These soldiers all have one thing in common; they are on the autism spectrum. Their job is to take visual materials from satellite images and sensors in the air. With the help of officers and decoding tools, they analyze the images and find specific objects within the images that are necessary to provide the best data to those planning missions. The IDF has also found that soldiers with autism can focus for longer periods of time than their neurotypical counterparts.
This story speaks to me personally. My son Trevor was diagnosed with autism at age five. The only thing I knew about autism at the time was Dustin Hoffman’s Rainman character. Raising a son on the spectrum drastically changed my point of view on disability inclusion, seeing strengths through the challenges, and cultivating those strengths while accommodating the challenges. He’s a grown man today, living on his own, working, paying his bills, saving money, and building relationships. His strengths outweigh his challenges.
The same reckoning with his strengths and challenges can lead to success with overseeing how an organization thrives, but how do you begin to ensure inclusion of disabled people’s strength in the workplace at scale with at an organization level? It has to start at the board and C-suite level.
The Center for Disease Control and Prevention defines a disability as “any condition of the body or mind (impairment) that makes it more difficult for the person with the condition to do certain activities (activity limitation) and interact with the world around them (participation restrictions).” A disability can:
- Be present at birth (i.e. down syndrome)
- Become apparent during childhood (i.e. autism)
- Be related to an injury (i.e. spinal cord injury)
- Be associated with a longstanding condition (i.e. diabetes), which can cause a disability (i.e. vision loss).
In 2018 Accenture published an outstanding research report entitled Getting to Equal: The Disability Inclusion Advantage. Some of the statistics in the report are eye-opening:
- 29 percent of working-age Americans with disabilities participate in the workforce compared with 75 percent of Americans without a disability
- There are 15.1 million Americans of working age living with a disability
- If companies embraced disability inclusion, they would gain access to a new talent pool of 10.7 million people.
The Disability Equality Index (DEI) is a joint project between the American Association of People with Disabilities and Disability:IN (formerly known as the US Business Leadership Network). DEI’s primary goal is to provide a benchmarking tool to help companies assess disability inclusion policies and practices in six key areas:
- Culture and Leadership
- Enterprise-Wide Access
- Employment Practices
- Community Engagement
- Supplier Diversity
- Non-US Operations
Organizations complete a survey (DEI estimates between 30-40 hours to complete), send it into DEI, and receive an objective score on their disability inclusion practices and opportunities for improvement. DEI puts respondents achieving 80 percent or better on their website, with companies like Accenture, Microsoft Corp., AT&T, The Walt Disney Co., Capital One Financial Corp., and Boeing Co. achieving a score of 100 percent. DEI has an advisory committee comprised of corporate and nonprofit executives and advocates who advise on benchmarking topics and questions.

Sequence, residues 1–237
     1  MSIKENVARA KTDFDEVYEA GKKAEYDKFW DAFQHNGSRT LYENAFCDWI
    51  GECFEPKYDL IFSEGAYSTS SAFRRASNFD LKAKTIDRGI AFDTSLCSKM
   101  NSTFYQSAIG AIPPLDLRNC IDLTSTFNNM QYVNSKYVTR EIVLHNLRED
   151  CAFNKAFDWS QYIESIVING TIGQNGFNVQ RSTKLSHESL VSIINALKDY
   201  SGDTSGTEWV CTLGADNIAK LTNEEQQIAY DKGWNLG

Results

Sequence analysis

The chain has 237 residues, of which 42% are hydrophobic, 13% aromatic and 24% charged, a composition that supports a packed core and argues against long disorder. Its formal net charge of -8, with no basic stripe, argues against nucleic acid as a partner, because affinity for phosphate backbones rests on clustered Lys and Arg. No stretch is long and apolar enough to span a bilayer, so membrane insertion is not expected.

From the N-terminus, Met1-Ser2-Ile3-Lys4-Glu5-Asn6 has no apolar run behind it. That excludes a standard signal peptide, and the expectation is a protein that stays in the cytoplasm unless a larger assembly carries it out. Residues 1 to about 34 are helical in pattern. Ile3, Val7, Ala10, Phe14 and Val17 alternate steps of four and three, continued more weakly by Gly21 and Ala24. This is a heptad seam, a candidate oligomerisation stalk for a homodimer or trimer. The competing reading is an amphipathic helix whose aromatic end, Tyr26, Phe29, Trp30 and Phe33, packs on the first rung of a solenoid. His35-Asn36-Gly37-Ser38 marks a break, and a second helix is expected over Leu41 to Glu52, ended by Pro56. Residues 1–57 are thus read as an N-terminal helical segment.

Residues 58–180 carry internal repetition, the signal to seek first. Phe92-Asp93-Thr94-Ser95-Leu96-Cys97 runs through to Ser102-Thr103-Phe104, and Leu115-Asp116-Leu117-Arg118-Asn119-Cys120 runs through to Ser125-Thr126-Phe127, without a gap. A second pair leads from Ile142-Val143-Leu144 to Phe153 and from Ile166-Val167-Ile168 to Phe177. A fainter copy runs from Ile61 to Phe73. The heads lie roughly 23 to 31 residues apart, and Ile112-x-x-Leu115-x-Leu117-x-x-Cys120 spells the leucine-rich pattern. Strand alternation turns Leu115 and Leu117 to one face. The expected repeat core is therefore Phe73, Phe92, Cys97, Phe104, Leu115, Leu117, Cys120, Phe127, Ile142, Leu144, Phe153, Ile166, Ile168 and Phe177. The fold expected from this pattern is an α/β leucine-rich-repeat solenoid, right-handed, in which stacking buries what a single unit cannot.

While it’s a commitment to complete the survey, it gives an organization an honest and introspective lens into their culture, policies, and practices on disability inclusion and is valuable to help identify areas where an organization needs to improve.
This isn’t fluff stuff. The Accenture report notes several tangible results of those organizations that embraced a disability inclusion culture.
- Companies that were DEI disability champions (score of 80% or better) were twice as likely to have higher total shareholder returns than peer companies.
- Companies that weren’t disability champions but had improved their DEI scores over time were four times more likely to have higher total shareholder returns than peer companies.
- Staff turnover is up to 30 percent lower when a well-run disability community outreach program is in place.
As a board, make it a priority to work with the senior leadership team to understand your company’s disability inclusion position and ensure disability inclusion is baked into the culture, not just an add-on project. Here are three things you can do to get started:
- Use the DEI Benchmark Survey to assess your culture as-is. Whether or not you submit your responses to DEI for scoring, at a minimum, download and complete the survey to understand your company’s strengths and weaknesses on disability inclusion. You’ll at least get an understanding of where your company need to focus on the disability inclusion journey.
- Name a senior leadership disability inclusion champion. Identify and empower a member of your senior leadership team to be an internal and external-facing voice on disability inclusion for your organization. The executive should be known as a person with a disability or be a passionate supporter of people with disabilities. As with any other inclusion leader, passion is key. Don’t just give an exec the champion title if they’re not passionate about it.
- Put a disability inclusion advocate on your board. Whether a person with a disability or a passionate supporter, ensure your board has someone who brings both needed subject matter expertise coupled with a willingness to be a courageous disability inclusion advocate in the boardroom.
Disability inclusion is not just a social responsibility buzzword meant to enhance reputation. There’s tangible business value to be had. As a board, your accountability is to ensure your organization is promoting a culture where the business benefits can be realized.